Kids’ first contact with blindness

Maria teaching preschoolers. Her blindness is not an issue for the kids.Over my 20 years of teaching preschool children I have only come across a few kids who are curious about my blindness, probably because it is not something we talk about on a regular basis due to the fact that there is so much music to be learned.

On the few occasions that it was brought up though, their responses are very cute. One child thought that if I opened my eyes really really wide, I should be able to see things better. Another recommended I get glasses. Still others hold something they want you to look at about one centimeter from your face saying “Can you see it now?”

Maria and kidsSome of my classes know I have a friend who drives me to and from the preschools. This fact sparked one of them to say, “Why do you have a driver? I replied that I don’t have a car, to which he responded, “Why not?” I told him that I could not drive, to which he stated with incredulity,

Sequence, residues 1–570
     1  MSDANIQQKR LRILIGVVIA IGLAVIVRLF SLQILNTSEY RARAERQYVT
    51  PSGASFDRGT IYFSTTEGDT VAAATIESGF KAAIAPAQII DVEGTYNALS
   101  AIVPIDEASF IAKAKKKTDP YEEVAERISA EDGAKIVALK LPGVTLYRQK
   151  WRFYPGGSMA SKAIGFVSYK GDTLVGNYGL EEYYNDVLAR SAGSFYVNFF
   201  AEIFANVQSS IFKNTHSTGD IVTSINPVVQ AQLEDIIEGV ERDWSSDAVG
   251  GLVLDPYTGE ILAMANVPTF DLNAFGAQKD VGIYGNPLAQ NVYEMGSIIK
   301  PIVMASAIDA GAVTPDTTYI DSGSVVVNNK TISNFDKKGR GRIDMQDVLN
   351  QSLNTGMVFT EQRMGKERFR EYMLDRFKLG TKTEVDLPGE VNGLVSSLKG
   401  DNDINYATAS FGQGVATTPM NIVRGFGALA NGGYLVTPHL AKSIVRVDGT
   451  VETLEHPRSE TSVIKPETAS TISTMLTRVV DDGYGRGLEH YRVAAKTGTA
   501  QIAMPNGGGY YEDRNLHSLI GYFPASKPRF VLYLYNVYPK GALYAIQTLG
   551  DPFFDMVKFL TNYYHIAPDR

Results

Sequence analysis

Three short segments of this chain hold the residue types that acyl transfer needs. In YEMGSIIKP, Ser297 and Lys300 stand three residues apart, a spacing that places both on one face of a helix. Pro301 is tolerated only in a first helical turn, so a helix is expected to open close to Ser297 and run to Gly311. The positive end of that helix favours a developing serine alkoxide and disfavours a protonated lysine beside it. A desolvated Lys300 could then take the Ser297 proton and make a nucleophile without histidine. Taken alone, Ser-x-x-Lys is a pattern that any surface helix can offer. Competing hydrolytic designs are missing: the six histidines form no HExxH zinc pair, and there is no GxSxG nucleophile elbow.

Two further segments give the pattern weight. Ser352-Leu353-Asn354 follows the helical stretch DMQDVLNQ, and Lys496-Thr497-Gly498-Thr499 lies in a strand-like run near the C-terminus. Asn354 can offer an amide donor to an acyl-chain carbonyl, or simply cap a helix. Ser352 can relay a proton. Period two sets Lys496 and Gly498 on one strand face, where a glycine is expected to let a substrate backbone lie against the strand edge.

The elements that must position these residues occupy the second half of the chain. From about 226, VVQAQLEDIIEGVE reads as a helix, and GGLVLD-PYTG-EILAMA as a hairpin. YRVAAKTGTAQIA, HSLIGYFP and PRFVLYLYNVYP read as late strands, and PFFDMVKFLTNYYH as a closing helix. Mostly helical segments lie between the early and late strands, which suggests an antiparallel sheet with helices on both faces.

“You’re old and you can’t drive?”


Colourful Autumn Fun

Musical-HarvestWell, we’re back into the autumn with all of its crispness and colour! I was teaching at Armbrae Academy this morning and, of course, the kids are well into the fall theme. 

I wanted to share a song from my Musical Harvest CD, “Frappe des mains.”  The object of the song/game is to learn 4 key French phrases – Frappe des mains, Tap des pieds, Claque la langue and Dis bonjour

After they learn to recognize these phrases you could ask them to come to the head of the class, one by one, to say one of these phrases.  Then the class must do the appropriate action – Frappe des mains, (clap your hands), tap des pieds (stomp your feet), and so on. They love doing this and learn oh so quickly! 

Here is a link to the Musical Harvest CD with song samples.  This will cover the whole of Autumn up until Christmas.

If you want downloadable lesson plans for each activity/song, please email me your request and I will give you a price on it.

Until next time,


Popsicle Stick Rhythms

Well, I dragged out all of the popsicle sticks I had for the kids the other day and they had fun learning the

Ta, Ta, Ti-ti Ta 

rhythms. I find that is a great way to teach them the beginnings of notation. They each get about 10 to 15 sticks and start building combinations of the Ta’s and Ti-ti’s. Ta is one popsicle stick set vertically and the Ti-ti is made with two popsicle sticks set vertically with one across the top. You may ask each child to point and say their rhythm.

Here is a sample of the song I use. It’s in the first section of my World Music and Rhythm Talk program.

CD 1, Wee Talk Rhythm and Song, Song 18. “I Am A Fine Musician”